2 Comments

Lessons from the Aether: Soap Operas


Tweet of the Day: 5 Signs You Might Be a Windbag

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Or a Guide to How Not To Write…Anything!

The long time reader of this blog may have detected a certain…disdain for soap operas.  The reasons for the disdain match those for why you should never write like a soap opera:

  • Shallow Characters: If you can swap Luke for Jake, Jane for Jacky and get the same results, your characters are shallower than pancakes,
  • Unconnected Scenes: A story is more than just a collection of repetitive, unrelated scenes,
  • Shocking Swerves: Are to be avoided at much as possible, if you use this trope to create tension, specially cliff hangers, might as well drop the story down the abyss,
  • Cheap Appeals to Emotion: Emotions without context is porn, but without the actual sex, blah!
  • Bad Dialogue: When actors say their lines in three octaves louder than police sirens, make faces like they just ate a plate full of month old mayonnaise and earn William Shatner an Oscar, you know you have stinker on your hands,
  • Bringing People Back from the Dead: Why should I care if Shirley has a gun, if the the writers can resurrect Lucas when ever they want, or when the actor returns from “Hollywood” penniless and broken?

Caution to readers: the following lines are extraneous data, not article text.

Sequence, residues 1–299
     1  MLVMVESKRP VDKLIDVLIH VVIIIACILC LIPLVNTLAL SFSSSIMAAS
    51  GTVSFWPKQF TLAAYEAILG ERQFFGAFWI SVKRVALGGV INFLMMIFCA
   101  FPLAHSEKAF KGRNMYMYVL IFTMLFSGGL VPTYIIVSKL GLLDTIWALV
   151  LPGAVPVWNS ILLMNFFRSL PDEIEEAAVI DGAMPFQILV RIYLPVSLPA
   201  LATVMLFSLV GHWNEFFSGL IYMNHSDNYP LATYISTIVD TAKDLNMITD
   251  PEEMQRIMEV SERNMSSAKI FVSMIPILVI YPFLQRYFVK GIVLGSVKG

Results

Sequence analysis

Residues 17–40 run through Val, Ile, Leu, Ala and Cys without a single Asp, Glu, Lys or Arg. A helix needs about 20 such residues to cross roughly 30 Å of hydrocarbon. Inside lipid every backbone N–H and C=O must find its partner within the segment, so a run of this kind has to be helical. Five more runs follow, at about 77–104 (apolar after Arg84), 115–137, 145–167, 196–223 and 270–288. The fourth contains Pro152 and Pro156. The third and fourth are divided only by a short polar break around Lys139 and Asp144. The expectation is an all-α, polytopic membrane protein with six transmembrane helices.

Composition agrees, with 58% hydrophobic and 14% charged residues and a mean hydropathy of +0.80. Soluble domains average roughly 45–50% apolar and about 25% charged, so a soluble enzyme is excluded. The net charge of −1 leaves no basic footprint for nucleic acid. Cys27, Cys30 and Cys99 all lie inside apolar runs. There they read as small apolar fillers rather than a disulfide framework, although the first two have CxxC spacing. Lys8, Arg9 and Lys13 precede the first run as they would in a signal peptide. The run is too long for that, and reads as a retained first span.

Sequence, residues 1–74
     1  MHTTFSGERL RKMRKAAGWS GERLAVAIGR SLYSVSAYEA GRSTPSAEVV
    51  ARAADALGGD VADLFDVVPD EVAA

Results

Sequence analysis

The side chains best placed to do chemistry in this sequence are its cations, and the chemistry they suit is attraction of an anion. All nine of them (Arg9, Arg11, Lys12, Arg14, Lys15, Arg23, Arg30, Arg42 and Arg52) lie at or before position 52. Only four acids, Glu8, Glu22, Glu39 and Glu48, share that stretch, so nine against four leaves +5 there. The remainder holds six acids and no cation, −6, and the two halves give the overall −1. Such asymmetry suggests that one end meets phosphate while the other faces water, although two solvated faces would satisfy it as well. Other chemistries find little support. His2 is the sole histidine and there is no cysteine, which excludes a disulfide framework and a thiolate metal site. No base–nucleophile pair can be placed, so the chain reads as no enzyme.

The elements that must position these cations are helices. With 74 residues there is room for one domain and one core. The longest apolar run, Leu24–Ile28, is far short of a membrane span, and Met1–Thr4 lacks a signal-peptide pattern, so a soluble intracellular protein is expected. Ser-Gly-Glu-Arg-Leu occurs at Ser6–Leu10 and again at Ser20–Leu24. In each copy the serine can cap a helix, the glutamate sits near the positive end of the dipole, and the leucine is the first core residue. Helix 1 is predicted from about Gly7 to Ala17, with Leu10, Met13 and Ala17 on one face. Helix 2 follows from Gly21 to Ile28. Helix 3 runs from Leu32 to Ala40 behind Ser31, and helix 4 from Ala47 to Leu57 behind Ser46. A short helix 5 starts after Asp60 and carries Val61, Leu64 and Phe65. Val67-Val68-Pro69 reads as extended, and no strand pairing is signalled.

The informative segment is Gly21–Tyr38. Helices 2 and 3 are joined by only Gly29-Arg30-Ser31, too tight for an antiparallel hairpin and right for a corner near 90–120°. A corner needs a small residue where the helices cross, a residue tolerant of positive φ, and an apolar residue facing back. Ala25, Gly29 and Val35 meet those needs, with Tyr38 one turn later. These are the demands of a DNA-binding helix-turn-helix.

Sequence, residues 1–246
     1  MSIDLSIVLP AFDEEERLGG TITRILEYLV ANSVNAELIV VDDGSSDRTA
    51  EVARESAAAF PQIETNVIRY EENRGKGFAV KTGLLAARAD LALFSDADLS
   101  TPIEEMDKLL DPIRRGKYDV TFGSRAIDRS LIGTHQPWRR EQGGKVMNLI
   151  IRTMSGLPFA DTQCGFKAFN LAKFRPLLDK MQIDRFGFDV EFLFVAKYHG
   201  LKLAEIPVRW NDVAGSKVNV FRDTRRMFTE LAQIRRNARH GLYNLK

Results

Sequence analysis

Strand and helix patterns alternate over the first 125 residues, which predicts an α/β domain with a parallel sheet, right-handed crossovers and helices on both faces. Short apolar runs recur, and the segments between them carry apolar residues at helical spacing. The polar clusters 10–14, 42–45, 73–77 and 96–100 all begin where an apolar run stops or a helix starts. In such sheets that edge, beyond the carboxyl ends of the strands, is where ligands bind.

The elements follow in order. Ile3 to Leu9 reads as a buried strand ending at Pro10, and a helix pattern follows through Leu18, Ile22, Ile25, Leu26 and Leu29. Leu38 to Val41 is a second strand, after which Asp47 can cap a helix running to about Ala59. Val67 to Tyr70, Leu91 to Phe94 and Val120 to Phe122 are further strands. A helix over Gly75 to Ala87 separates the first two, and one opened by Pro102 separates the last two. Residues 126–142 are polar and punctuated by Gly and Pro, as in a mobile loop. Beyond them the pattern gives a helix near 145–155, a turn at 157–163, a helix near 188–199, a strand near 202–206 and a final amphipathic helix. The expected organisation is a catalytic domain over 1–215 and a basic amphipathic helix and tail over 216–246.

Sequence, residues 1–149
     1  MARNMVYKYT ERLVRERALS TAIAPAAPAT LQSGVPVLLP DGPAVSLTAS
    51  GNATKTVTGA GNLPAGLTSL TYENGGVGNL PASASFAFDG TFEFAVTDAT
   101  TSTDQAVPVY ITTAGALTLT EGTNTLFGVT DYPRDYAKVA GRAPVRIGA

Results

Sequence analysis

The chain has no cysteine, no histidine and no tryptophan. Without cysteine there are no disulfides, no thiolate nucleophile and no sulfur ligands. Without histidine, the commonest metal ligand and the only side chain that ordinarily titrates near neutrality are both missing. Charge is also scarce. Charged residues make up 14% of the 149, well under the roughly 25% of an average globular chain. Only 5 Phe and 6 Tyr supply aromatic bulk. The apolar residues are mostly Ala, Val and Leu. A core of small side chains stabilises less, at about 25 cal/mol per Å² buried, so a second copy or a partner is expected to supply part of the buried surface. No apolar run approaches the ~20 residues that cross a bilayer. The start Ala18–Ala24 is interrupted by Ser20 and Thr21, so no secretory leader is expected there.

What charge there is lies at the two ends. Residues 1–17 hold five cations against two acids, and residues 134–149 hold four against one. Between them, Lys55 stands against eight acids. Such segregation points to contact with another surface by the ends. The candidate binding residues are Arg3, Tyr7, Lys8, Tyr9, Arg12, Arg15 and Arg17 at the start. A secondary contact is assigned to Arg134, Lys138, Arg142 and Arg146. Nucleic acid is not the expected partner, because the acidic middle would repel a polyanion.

So there you have it, an easy list of things thou shall never do, put or otherwise find in your writing.

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And now for something to cleanse the palate:

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2 comments on “Lessons from the Aether: Soap Operas

  1. Hey now, I at least give credit to the makers of Coronation Street for blowing up…the entirety of Coronation Street at one point. Which almost made up for the awful fixture that show was to any Canadian child who grew up with only CBC coming in on the rabbit ears. Except the show’s still on, for some reason, despite…y’know, the EXPLOSION that blew up the ENTIRE SETTING.

    The most annoying part of soap operas really is the narrative structure, which follows a specific pattern meant to keep the show from ever reaching any satisfactory conclusions: that is, starting story arcs in the middle of other story-arcs but always wheeling back to the status quo each time a story line ends. You cannot, under any circumstances, allow characters to actually develop, or make more than passing references to previous storylines that under any other circumstances would have had profound and extreme effects on character personalities. All these folks should just be huddled in their basements suffering the effects of PTSD after all the ridiculous things they go through including but not limited to murder, arson, adultery, and high school formals.

    Like

    • You, sir, are a better man than I, for I do not have the constitution to stomach any such fare long enough to come up with such a detailed and well articulated analysis.

      Have an Interwebs +1 on me.:)

      Like

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